March was Women’s History Month, so let’s look back briefly at 3 women from the past who have opened doors for women in the future. With this thought, let’s also consider who WE are opening doors for today as we lead our teams and our companies out of the Pandemic and into a slightly new world.
Born in 1860, Jane Addams became a progressive social reformer, activist, and Nobel Peace Prize winner. She never married, but instead opted for a lifetime commitment to social reform. She is responsible for bringing what is called the Settlement Houses to the US. She founded Hull House on Chicago’s poor, industrial west side. The goal of Hull House was for educated women to live there and share knowledge with the poor that lived in the community. Besides Hull House, Addams and other progressive women
reformers lobbied for a juvenile court system, protective labor legislation for women, more playgrounds and kindergartens in Chicago and so much more. She was also a founding member of the National Child Labor Committee which played a significant role in passing the Federal Child Labor Law in 1916.
A former slave, Sojourner Truth was an outspoken advocate for abolition and women’s rights in the 19th century. She was born into slavery in 1797 as Isabella Bomfree. She was bought and sold four times and endured harsh physical labor and violent punishments. She had 5 children and a year before slavery was abolished in New York, she ran away with her infant child Sophia. Truth ran to a nearby abolitionist family, the Van Wageners, and they bought her freedom for $20. In the early 1830s Truth was participating in the religious revivals that were sweeping New York and she became quite a charismatic speaker. In 1843, she changed her name to Sojourner Truth as she felt called to preach the truth. In 1851, Truth delivered her now famous speech “Ain’t I a Women?” at a women’s rights conference in Akron, Ohio. In this speech she challenged the prevailing notions of that time related to racial and gender inferiority and inequality.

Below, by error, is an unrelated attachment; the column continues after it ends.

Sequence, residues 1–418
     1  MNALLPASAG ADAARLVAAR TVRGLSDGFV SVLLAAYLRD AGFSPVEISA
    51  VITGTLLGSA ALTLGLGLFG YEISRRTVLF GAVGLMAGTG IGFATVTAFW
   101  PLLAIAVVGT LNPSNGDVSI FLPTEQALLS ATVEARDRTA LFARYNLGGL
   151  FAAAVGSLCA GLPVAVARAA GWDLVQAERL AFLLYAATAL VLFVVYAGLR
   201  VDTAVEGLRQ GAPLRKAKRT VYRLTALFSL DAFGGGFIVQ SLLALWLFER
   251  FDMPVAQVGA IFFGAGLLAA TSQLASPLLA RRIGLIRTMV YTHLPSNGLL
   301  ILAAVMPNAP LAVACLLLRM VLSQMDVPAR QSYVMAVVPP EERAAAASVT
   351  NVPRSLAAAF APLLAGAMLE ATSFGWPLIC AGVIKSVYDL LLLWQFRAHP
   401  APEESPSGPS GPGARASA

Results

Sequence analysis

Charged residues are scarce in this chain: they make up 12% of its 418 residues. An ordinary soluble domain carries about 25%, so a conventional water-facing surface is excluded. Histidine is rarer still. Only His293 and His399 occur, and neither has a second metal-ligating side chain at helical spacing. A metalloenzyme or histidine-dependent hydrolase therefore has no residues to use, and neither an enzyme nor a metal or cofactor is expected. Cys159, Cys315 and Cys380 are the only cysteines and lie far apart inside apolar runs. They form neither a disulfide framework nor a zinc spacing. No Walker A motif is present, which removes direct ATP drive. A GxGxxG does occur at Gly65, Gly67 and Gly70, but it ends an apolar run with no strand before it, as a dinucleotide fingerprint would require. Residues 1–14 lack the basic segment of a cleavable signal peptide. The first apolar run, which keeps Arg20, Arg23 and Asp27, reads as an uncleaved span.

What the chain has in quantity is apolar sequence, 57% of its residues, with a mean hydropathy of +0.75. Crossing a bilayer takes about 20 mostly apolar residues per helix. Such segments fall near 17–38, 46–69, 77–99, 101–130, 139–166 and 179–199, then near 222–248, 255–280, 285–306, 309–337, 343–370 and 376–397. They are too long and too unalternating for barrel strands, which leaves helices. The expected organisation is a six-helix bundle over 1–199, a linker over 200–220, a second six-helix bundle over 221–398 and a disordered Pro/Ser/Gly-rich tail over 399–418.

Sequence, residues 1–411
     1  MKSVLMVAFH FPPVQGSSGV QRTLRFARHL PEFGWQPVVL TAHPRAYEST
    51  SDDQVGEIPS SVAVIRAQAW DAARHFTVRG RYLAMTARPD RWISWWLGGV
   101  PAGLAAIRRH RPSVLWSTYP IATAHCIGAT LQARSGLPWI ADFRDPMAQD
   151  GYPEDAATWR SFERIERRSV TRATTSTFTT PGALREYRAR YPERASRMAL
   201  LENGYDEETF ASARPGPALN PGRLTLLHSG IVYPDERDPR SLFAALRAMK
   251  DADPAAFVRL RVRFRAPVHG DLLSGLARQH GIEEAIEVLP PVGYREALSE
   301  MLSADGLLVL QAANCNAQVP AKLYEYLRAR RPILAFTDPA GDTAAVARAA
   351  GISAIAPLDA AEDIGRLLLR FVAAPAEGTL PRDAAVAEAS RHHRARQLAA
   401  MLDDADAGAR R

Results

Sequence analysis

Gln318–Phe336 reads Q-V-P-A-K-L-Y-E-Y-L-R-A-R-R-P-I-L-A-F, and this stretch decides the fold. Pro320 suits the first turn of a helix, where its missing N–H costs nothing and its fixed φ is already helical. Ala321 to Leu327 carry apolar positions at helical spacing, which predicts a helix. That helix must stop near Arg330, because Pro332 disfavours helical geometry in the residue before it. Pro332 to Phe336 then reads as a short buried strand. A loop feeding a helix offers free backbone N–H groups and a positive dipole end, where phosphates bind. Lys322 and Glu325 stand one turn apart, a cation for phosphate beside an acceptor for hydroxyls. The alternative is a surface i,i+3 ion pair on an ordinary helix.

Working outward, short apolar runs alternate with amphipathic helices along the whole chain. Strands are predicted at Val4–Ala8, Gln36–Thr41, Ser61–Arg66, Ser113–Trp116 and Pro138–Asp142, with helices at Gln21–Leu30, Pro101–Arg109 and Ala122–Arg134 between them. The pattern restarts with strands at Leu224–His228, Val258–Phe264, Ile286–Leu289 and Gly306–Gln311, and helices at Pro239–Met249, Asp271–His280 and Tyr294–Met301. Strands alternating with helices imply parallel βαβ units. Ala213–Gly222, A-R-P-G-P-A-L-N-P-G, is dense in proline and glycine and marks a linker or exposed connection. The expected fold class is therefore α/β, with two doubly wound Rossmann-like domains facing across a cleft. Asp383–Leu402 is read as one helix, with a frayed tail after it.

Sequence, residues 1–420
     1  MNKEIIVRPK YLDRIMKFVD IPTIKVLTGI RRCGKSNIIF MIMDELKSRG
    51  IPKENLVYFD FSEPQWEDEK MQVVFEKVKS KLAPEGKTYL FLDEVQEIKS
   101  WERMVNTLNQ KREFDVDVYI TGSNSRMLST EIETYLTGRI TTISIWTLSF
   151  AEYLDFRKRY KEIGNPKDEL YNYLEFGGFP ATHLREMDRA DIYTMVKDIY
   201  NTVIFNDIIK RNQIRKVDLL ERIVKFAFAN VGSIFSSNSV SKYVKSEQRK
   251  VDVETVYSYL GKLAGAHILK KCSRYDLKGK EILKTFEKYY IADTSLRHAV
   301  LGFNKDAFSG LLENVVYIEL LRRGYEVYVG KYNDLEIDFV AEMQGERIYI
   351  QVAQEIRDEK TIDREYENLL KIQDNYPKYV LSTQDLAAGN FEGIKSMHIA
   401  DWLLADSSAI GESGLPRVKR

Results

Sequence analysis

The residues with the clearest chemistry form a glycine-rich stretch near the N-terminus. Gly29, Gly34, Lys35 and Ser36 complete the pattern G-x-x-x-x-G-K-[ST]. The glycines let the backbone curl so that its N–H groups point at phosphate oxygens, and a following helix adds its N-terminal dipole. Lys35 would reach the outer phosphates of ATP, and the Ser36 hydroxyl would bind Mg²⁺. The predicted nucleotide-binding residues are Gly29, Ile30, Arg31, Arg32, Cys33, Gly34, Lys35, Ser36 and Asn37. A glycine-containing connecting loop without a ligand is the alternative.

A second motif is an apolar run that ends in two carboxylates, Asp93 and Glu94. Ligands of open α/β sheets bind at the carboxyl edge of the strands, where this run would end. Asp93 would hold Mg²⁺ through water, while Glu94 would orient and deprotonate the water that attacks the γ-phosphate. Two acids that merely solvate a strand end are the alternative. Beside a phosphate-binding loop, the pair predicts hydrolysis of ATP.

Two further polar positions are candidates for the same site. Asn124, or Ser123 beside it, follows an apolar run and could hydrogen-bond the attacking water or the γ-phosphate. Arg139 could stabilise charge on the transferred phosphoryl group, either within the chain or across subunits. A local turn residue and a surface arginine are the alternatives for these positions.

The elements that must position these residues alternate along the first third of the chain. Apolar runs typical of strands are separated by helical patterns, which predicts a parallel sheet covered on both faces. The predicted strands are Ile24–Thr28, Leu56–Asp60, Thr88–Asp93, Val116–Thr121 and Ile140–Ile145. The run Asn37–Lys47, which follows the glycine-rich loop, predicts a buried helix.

The Little League World Series started in 1947 and since that time there have been over 9000 participants…. But only 18 of them have been girls. In 1972, Marla Pepe started the game, but was forced to leave when the opposing team objected. A lawsuit was filed and eventually won saying that girls COULD participate in Little League. This opened the door for girls to begin playing and in 2014 the 4th American girl and 18th overall participated. Her name was Mo’ne Davis and she became the first girl to pitch a
winning game in the Little League World Series! Mo’ne Davis is a name we are likely to see more of in the future, but for right now she is playing college softball for Hampton University.
What doors are you opening for those who follow you? As a leader, are you stepping
out and introducing your rock stars so they can succeed in the world that is rising out of
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